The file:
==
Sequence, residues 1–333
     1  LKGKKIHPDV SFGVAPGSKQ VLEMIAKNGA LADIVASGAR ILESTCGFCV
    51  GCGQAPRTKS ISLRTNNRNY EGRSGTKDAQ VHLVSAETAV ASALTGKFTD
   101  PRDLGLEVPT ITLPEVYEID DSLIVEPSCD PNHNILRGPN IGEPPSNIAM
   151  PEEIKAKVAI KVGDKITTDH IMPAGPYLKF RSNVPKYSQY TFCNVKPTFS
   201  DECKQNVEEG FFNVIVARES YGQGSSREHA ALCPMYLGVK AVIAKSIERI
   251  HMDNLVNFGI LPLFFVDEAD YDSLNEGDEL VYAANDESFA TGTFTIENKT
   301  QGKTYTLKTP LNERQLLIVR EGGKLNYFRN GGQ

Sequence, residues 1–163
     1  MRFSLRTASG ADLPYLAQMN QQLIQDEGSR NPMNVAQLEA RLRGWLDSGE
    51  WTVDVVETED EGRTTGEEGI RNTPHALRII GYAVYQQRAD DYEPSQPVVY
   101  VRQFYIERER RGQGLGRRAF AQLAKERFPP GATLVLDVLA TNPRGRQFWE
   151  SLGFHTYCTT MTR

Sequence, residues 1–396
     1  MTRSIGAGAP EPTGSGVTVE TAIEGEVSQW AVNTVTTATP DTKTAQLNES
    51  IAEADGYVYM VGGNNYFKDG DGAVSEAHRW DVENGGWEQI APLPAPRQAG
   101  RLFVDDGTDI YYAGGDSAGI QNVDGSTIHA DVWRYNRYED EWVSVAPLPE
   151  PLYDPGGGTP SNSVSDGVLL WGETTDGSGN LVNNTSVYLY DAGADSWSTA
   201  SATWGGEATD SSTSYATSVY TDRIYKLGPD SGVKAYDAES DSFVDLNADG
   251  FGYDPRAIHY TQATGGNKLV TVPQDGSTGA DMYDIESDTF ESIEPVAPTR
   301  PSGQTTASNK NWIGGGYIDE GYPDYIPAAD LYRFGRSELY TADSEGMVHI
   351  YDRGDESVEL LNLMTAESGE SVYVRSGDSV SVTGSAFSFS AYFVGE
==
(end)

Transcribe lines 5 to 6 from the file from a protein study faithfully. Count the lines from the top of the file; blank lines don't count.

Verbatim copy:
   151  PEEIKAKVAI KVGDKITTDH IMPAGPYLKF RSNVPKYSQY TFCNVKPTFS
   201  DECKQNVEEG FFNVIVARES YGQGSSREHA ALCPMYLGVK AVIAKSIERI